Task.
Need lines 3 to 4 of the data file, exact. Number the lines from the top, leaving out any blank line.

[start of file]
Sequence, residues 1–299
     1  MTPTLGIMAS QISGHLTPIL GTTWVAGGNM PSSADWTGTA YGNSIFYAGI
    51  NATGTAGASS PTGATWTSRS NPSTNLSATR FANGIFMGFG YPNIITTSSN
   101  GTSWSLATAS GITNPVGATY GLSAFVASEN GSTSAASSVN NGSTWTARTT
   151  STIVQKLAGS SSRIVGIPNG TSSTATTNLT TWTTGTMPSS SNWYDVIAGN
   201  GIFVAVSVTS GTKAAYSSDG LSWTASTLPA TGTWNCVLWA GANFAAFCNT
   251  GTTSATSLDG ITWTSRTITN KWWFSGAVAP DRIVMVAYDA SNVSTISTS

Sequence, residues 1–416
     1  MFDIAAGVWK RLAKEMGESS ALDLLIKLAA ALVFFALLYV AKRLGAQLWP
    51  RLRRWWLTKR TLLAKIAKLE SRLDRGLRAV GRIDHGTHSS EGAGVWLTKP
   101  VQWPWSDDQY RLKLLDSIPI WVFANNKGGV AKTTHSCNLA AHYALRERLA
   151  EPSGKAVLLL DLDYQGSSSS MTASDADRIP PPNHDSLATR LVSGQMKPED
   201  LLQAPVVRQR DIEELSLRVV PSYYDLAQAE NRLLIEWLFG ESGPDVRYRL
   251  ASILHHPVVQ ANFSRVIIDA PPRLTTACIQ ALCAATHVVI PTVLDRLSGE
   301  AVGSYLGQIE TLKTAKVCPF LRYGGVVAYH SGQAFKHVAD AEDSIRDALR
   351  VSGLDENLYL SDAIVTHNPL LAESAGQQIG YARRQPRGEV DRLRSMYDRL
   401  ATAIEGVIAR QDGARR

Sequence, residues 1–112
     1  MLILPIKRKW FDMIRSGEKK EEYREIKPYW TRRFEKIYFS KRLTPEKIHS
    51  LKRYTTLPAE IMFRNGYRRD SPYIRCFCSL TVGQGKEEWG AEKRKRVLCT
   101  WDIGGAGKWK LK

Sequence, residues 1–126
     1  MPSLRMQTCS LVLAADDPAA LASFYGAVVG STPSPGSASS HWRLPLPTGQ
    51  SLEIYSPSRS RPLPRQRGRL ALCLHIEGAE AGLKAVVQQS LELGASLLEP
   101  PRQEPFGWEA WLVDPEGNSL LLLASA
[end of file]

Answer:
    51  NATGTAGASS PTGATWTSRS NPSTNLSATR FANGIFMGFG YPNIITTSSN
   101  GTSWSLATAS GITNPVGATY GLSAFVASEN GSTSAASSVN NGSTWTARTT